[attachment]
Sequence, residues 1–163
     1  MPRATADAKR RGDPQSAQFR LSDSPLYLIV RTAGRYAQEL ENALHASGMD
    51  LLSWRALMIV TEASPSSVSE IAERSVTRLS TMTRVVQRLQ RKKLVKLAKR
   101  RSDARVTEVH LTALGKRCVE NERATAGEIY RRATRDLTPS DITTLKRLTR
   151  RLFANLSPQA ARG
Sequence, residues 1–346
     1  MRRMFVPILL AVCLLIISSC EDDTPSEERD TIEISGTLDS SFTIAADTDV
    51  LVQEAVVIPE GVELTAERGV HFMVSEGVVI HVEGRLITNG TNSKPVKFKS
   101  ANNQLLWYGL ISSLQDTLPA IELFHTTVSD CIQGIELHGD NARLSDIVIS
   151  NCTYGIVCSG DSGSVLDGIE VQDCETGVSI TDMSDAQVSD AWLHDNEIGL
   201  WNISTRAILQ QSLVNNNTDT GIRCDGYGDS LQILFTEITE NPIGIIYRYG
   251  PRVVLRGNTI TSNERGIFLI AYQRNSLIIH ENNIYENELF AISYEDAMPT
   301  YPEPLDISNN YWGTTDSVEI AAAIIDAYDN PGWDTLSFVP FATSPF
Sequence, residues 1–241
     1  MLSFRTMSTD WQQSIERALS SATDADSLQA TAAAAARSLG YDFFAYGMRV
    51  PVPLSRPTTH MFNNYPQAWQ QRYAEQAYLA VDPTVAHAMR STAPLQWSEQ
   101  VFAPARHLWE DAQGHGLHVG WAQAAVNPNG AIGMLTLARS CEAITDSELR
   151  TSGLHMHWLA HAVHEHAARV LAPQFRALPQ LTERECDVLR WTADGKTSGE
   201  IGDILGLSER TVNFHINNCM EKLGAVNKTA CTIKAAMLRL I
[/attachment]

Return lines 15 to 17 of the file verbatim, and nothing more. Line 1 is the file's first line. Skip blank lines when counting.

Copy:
     1  MLSFRTMSTD WQQSIERALS SATDADSLQA TAAAAARSLG YDFFAYGMRV
    51  PVPLSRPTTH MFNNYPQAWQ QRYAEQAYLA VDPTVAHAMR STAPLQWSEQ
   101  VFAPARHLWE DAQGHGLHVG WAQAAVNPNG AIGMLTLARS CEAITDSELR